InVenus in Two Acts,” Saidiya Haartman tells us, “The loss of stories sharpens the hunger for them.” On that day in 2019 at the Brazen show, a hunger struck within me and has only continued to grow since then. I am disappointed-angry-confounded by the silence in the archive; this deafening silence; like a wall that I hit every time I go searching for stories of female freedom fighters. I become cognisant of the intentional erasure of women’s stories from the archive. Anne Moraa puts it best when she says,”Erasure confines the work women do into a box which has nothing more than ‘women’s work’. Erasure makes us forget women who explicitly used their nakedness to shame the government into releasing their sons held as political prisoners in 1992. It makes us oblivious of Field Marshal Muthoni, a woman ranking equal to our most famous freedom fighter, Dedan Kimathi.” In this deafening silence, one story stands out- one that satiates the hunger if only for a little bit. Thanks to the story weavers, memory keepers and historians, the story of Field Marshal Muthoni makes it to me (a 20 something year old brimming with freedom dreams). I am eternally grateful to these individuals but this story is not about them.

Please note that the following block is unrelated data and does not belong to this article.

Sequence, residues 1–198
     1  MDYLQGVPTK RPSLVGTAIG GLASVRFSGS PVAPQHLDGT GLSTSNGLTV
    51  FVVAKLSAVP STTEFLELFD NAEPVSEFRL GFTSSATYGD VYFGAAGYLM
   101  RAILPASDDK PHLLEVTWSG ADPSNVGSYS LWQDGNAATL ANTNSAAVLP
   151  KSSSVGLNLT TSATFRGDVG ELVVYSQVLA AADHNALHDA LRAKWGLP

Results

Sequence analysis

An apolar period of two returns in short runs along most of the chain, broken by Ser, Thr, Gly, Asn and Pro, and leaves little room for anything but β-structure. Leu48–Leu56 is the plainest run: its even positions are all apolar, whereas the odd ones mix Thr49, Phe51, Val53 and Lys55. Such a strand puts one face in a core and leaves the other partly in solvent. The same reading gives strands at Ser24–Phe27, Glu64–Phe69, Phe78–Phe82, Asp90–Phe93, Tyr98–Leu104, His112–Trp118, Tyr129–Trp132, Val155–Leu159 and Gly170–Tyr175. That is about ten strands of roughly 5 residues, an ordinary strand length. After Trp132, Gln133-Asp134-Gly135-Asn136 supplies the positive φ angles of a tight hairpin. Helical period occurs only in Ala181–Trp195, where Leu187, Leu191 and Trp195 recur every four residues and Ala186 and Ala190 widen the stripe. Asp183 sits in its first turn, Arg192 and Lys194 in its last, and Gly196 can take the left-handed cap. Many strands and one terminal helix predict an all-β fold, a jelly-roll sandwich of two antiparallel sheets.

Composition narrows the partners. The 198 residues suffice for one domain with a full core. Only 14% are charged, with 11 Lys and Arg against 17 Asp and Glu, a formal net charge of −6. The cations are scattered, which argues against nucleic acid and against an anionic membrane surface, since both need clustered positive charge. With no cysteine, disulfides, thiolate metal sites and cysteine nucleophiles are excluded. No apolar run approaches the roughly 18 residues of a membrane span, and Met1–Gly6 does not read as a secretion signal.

II. The Weaver Bird 

In a reflection about TEFB-Brazen edition, Laura Ekumbo says of her experience writing Field Marshal Muthoni’s Life into the show: 

“Her story refused to fit into the mould we had assigned to it. It refused to be confined to what we decided was her story. It refused to fit. So we stopped forcing it to. And eventually it took up space in a way we didn’t know it could, but in a way that liberated us from the confines of form. A way that freed us from confining her story.”